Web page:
• FCP can make up for bad TTFB;
  • I acknowledge that it doesn't work the other way around;
  • but it's then still FCP that users will see the first.

And because moment of first engagement is important for UX, we gave FCP quite a high score.

Calculating the percentage

The next step is to calculate the percentage per metric. Achieving the absolute minimum of a metric, and we reward that metric with the maximum score (100%). Using this same logic, you won't get a lower score than 0% when reaching the absolute maximum of that metric.

Copying Lighthouse

We ended up using the way Lighthouse is visualizing its scores. Because in the end, chances are most stakeholders are familiar with that already.

This means we matched the Core Web Vitals thresholds with their 0, 50 and 90% reasoning:

  • An LCP of 2.5 seconds will get you at least a 90% score;
  • An LCP of 4 seconds will get you a maximum score of 50%;
  • et cetera.

This means that getting a 91 or 92% LCP score depends on where between 2.5 and 1.0 seconds your LCP is ending up.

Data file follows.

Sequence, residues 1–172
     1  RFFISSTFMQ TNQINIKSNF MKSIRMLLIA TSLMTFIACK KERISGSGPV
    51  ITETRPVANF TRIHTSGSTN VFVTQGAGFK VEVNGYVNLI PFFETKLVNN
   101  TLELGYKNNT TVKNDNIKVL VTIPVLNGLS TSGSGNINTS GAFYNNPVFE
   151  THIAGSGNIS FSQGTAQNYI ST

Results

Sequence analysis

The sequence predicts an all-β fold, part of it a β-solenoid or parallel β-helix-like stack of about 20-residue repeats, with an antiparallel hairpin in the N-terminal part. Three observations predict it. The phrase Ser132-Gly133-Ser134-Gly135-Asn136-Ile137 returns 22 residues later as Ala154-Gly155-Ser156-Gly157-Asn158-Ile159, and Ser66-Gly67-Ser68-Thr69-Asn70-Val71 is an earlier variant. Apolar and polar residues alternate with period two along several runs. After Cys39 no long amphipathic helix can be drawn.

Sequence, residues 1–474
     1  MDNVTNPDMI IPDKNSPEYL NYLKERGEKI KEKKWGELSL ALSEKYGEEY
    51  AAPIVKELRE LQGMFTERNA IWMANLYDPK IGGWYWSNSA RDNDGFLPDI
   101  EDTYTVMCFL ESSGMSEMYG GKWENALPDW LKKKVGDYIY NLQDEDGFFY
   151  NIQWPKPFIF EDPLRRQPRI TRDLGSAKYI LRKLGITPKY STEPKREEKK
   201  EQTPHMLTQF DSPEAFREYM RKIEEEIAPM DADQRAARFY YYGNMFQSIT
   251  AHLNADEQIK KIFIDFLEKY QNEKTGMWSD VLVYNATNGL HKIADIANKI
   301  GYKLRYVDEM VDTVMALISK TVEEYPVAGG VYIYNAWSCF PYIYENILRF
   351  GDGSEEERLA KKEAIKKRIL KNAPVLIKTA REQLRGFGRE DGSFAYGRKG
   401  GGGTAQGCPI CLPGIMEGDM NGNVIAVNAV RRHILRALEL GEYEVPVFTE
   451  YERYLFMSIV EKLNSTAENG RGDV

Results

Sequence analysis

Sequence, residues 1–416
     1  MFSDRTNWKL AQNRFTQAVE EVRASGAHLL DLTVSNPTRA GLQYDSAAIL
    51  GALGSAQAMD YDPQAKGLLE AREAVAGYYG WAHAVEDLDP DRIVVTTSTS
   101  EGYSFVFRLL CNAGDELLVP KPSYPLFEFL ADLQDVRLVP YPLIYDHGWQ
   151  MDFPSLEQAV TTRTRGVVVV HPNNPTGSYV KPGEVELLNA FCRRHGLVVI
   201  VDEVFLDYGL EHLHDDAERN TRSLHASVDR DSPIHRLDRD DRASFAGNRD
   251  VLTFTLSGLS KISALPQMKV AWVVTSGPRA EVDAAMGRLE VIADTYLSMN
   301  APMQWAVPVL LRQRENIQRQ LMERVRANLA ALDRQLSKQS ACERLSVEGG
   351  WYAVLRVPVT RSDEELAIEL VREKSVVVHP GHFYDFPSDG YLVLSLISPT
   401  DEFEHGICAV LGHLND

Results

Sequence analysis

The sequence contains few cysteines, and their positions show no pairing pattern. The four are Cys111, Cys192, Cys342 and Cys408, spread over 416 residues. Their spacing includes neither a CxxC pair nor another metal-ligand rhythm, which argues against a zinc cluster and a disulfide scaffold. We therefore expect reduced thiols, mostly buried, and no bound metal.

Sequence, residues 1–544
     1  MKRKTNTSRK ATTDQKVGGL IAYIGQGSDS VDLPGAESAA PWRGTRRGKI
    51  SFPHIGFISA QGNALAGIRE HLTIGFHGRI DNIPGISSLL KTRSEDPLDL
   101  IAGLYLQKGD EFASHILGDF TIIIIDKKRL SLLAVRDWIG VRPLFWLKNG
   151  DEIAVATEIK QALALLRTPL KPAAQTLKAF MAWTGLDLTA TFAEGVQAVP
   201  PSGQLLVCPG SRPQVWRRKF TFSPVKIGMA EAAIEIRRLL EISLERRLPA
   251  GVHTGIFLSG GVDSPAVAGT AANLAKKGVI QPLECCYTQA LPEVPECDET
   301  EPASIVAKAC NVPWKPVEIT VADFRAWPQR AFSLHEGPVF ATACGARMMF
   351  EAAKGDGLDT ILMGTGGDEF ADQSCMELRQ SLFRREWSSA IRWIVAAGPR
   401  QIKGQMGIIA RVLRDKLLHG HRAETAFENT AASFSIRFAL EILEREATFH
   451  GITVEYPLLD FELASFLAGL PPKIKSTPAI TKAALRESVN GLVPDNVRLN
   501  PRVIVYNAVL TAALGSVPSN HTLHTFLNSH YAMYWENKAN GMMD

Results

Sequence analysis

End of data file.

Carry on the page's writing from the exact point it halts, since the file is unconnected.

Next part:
Summing it up

Then, all scores per metric are multiplied with its weight. We will sum up end result and divided it by the total of all used weights. Resulting in an awesome score of your real user experience.

Shortcomings and alternatives

Let's not ignore the elephant in the room though: pagespeed is more nuanced than a single number. Google's Core Web Vitals containing 3 metrics is perfectly illustrating this.

Don't be blindsided

But the following scenario's are also able to illustrate how a single score will make you unaware of remaining issues:

  • LCP
    LCP experiences likely vary per template type. A score per page template group would be a better approach already. RUMvision helps doing this by using regular expressions to group page data, while still enabling you to zoom into individual pages.
  • FID & INP
    FID and INP might look good to go in your aggregated Core Web Vitals data. However, if 20% of your pageviews are requested on low-end devices, they will have a more challenging time to interact with your pages. One of the reasons why Google recommends to supplement Core Web Vitals with your own RUM.
  • TTFB and FCP
    FCP and TTFB can easily be impacted ad traffic, campaigns and traffic spikes for example. Now way to spot this with aggregated data, let alone an overall score. But it can be a minute work to spot discrepanties amongst query strings and improve caching rules accordingly.